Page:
The 2030 goal also has a “few provisos” that needed to happen to reach that goal, and those have yet to be met, Jirsa said.
“For instance, the battery storage technology has to come a long way, for the goal that is an important piece of reaching that goal,” Jirsa said, adding that the PRPA would need to join a regional transmission market would also be necessary.
For the upcoming focus group, discussion engagement is a major concern.
“We really, really want to engage the customers,” Roalstad said. “That’s why we’ve opened the doors all the way down to residential and business customers.”
Roalstad said the PRPA has never opened up like this on input before. Two rounds of community meetings have been held by the PRPA to take input.
For Estes Park, Roalstad said PRPA wanted to draw in a good cross-section of the community to the meeting on March 5.
“Not only do we want residential customers, but also want to invite senior citizens, young families and those in the workforce in to speak on what they think,” Roalstad said.
The focus groups will be facilitated by Colorado State University’s Center for Public Deliberation (CPD), and will report findings to the PRPA leadership, according to a Feb. 13 press release.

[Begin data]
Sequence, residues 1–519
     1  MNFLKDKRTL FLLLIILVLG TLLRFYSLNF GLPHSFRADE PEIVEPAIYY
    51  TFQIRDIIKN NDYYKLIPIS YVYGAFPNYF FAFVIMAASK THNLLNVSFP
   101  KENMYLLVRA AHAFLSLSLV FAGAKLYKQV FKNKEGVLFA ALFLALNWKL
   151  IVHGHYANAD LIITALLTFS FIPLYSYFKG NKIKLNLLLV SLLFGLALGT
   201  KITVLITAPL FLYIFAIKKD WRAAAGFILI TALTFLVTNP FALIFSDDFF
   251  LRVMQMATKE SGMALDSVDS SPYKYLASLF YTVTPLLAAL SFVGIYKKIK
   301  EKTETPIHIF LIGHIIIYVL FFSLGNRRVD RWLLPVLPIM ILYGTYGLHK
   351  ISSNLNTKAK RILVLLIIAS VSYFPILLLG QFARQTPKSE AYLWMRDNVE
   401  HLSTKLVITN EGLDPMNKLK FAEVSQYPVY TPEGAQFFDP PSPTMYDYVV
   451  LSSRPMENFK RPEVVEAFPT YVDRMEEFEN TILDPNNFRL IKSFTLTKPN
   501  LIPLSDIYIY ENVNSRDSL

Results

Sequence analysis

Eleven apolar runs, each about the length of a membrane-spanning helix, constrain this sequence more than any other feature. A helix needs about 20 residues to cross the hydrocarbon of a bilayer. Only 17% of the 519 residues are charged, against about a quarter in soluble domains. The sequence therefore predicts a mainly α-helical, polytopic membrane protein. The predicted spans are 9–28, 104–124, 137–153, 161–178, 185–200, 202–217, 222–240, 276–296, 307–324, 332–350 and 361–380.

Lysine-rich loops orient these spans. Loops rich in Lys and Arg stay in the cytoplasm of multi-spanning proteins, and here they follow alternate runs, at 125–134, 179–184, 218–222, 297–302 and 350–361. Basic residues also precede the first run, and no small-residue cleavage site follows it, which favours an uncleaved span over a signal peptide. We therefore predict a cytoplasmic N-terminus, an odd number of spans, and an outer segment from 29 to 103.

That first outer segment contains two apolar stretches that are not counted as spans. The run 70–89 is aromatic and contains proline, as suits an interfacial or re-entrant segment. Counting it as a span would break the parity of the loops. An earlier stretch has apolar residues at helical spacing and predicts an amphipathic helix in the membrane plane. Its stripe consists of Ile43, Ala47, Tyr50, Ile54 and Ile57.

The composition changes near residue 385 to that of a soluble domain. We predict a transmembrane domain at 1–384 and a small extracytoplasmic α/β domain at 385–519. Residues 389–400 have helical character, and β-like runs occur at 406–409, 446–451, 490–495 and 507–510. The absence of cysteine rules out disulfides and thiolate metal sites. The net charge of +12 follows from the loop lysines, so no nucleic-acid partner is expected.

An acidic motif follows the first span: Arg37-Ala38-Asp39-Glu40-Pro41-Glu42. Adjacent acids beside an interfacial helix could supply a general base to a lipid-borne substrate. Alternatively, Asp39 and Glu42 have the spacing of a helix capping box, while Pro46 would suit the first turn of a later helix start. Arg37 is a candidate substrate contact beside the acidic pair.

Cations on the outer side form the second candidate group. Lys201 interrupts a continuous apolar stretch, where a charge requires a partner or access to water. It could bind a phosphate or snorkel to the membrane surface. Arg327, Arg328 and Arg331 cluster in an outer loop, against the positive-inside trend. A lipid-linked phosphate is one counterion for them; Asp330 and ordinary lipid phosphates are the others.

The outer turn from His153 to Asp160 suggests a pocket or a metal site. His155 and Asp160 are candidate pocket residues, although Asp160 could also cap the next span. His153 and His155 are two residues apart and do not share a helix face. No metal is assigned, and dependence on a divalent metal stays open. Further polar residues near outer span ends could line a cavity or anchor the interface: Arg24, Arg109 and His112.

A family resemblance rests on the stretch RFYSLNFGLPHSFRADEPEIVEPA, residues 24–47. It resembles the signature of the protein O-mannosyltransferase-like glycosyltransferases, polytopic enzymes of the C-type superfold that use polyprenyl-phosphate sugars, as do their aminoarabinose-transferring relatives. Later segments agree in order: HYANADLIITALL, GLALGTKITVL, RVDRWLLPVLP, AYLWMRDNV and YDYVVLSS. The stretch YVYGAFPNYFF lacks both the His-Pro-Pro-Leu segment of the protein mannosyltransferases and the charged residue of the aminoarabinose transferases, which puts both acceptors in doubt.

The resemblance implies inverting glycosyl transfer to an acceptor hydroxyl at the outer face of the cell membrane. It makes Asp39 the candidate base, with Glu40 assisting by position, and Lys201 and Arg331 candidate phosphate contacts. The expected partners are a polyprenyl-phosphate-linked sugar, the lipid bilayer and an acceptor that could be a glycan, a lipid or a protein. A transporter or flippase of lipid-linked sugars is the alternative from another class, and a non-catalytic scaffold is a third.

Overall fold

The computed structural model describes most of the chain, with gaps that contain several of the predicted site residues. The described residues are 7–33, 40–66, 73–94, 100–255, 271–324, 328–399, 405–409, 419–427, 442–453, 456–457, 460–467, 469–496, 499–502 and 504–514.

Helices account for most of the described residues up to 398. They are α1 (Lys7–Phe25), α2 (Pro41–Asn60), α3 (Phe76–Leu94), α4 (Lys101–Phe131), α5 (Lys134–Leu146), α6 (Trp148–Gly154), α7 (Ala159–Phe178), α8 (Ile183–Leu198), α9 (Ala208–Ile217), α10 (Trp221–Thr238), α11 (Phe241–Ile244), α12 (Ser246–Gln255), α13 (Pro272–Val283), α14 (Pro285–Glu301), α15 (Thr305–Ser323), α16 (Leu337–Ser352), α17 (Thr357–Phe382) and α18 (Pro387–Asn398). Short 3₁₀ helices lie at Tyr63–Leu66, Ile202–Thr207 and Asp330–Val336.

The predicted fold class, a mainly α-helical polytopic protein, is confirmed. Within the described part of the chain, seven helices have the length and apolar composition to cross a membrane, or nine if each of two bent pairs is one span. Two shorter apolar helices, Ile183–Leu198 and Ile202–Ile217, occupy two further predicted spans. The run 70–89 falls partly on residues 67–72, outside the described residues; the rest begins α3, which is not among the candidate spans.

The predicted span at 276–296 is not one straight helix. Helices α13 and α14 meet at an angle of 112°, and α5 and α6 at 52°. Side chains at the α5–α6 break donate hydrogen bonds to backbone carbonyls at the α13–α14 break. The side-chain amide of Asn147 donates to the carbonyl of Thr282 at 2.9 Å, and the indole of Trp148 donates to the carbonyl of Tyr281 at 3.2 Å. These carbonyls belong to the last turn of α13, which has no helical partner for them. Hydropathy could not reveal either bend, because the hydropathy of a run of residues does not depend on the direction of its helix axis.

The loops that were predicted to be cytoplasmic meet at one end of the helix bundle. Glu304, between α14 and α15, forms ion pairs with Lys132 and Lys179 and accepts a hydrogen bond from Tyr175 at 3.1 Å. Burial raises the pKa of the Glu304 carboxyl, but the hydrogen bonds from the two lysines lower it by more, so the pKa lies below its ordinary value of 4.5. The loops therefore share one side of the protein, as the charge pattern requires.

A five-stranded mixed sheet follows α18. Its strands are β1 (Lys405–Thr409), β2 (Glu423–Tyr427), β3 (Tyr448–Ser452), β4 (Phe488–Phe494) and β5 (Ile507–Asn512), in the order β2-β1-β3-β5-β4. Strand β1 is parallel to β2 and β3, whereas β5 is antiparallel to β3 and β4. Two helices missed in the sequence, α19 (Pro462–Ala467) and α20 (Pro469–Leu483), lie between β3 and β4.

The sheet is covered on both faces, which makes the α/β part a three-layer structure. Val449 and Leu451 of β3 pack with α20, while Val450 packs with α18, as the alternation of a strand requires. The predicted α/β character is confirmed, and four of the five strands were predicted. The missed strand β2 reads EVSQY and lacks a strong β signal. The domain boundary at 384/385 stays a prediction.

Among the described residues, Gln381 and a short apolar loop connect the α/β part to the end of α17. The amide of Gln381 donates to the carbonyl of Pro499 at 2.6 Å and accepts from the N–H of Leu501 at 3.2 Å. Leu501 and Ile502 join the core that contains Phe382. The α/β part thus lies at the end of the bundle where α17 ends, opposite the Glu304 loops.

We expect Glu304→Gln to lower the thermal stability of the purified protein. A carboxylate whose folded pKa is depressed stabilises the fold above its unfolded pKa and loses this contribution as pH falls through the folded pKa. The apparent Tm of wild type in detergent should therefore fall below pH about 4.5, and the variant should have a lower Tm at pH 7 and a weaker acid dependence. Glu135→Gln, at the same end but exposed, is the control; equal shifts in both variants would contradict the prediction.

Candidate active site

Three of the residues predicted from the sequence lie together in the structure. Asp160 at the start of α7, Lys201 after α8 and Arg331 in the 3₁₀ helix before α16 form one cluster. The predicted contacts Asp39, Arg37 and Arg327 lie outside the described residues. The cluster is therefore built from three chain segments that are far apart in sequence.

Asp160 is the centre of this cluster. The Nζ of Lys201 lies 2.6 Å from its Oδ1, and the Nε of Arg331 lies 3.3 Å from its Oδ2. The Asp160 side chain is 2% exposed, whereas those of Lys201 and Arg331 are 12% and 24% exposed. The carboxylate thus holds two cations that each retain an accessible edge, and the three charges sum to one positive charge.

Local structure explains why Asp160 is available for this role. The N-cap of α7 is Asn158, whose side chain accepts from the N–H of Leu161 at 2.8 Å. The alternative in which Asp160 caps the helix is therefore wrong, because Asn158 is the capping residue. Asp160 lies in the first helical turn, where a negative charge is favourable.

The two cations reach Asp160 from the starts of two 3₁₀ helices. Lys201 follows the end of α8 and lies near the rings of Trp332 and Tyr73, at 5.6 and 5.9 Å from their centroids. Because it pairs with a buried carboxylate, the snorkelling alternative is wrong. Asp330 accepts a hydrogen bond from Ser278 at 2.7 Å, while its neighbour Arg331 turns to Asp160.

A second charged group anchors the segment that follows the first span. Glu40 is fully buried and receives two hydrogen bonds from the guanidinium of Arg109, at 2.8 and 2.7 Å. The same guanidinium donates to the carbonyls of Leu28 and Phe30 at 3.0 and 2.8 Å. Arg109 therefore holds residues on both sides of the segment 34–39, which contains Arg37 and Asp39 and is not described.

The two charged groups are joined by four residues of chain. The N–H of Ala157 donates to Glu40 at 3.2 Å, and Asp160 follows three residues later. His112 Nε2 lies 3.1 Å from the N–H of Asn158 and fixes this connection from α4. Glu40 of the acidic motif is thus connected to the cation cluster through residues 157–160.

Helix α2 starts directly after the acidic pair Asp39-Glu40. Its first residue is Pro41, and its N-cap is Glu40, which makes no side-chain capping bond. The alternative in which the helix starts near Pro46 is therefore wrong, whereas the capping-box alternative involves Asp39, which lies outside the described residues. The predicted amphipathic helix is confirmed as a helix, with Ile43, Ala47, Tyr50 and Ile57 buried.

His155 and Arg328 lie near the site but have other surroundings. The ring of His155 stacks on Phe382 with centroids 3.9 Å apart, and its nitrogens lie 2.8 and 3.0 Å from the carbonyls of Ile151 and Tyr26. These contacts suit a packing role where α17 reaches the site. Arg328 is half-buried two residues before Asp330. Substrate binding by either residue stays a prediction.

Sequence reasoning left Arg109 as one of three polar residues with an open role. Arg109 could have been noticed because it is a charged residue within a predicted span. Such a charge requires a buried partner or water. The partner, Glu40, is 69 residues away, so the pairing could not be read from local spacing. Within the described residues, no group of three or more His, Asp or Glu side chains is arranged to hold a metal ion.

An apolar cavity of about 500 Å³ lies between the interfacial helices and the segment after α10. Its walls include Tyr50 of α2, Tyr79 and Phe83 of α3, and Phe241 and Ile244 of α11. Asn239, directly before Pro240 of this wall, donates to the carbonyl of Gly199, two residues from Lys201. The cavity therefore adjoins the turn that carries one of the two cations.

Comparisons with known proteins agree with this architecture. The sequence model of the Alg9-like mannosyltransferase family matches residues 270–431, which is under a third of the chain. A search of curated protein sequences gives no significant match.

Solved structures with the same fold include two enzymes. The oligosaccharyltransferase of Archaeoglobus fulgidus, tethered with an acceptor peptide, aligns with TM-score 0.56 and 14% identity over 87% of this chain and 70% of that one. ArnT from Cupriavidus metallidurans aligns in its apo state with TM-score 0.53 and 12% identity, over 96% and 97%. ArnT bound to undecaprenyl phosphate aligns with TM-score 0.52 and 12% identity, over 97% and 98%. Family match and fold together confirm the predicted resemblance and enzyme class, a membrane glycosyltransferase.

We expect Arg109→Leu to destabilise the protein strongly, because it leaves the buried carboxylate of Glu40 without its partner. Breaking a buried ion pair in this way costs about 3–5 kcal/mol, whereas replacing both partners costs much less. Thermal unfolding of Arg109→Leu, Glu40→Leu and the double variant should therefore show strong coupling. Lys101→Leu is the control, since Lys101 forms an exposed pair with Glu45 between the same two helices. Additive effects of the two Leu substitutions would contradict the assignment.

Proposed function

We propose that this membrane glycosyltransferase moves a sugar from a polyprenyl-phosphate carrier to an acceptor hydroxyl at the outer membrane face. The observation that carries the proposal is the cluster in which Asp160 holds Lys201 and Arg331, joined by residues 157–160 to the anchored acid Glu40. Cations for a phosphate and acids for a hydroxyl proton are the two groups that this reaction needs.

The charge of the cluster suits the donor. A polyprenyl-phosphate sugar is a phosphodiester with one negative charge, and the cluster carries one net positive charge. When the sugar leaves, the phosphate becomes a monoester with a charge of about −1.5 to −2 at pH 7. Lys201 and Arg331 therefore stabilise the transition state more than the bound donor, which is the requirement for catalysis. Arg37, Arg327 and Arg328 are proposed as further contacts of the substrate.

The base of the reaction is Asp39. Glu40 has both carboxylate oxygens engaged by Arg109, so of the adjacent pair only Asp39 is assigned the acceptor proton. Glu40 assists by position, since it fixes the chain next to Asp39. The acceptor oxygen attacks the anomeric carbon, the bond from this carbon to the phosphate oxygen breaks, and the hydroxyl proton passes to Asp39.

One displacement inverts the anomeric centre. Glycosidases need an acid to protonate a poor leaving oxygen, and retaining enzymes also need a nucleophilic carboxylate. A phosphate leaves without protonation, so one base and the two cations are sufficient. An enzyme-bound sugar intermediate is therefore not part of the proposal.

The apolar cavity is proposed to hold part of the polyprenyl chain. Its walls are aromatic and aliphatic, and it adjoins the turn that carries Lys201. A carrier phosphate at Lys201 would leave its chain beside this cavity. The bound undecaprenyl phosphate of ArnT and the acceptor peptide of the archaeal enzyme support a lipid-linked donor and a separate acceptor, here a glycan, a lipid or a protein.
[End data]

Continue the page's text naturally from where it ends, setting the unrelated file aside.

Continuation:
“With guidance from the CPD, attendees will have the opportunity to review resource plan options, engage with fellow residents, ask questions and give us their opinions regarding the energy future of northern Colorado,” Frisbie said.
Included in the focus group discussions will be a “brief” introduction from the PRPA and conversations led by the CPD about the future resource mix, according to the release.
“Attendees will receive descriptions of four resource mix options that incorporate forecasted capital, operational, fuel and environmental (carbon tax and social cost of carbon) costs,” the release states. “Participants will be encouraged to offer opinions regarding which energy mix Platte River should pursue.”
Data gathered at these discussions will be compiled by the CPD and a report will be made to the PRPA, which will be a tool used by the PRPA board about IRP decisions, according to the release.
The IRP is being prepared and submitted a year early as a response from direction by the Platte River Board of Directors to work toward “100% noncarbon energy mix by 2030,” according to the release.
Of the energy delivered to communities by PRPA, approximately 30% comes from noncarbon sources such as solar, wind and hydropower, according to the press release.
“By 2021, noncarbon energy will increase to 50% with the addition of 225 MW of new wind capacity and 22 MW of new solar (plus 2 MWh battery storage),” the press release states. “Additionally, Platte River is evaluating bids to add up to 150 MW of solar by 2023, potentially raising the share of noncarbon energy delivered to the owner communities to 60%.”
Those interested in attending the March 5 session in Estes Park can RSVP by calling 970-229-5657, or online at: https://cpd.colostate.edu/events/platte-river-power-community-focus-groups/.
More information about PRPA can be found at: https://www.prpa.org/irp/.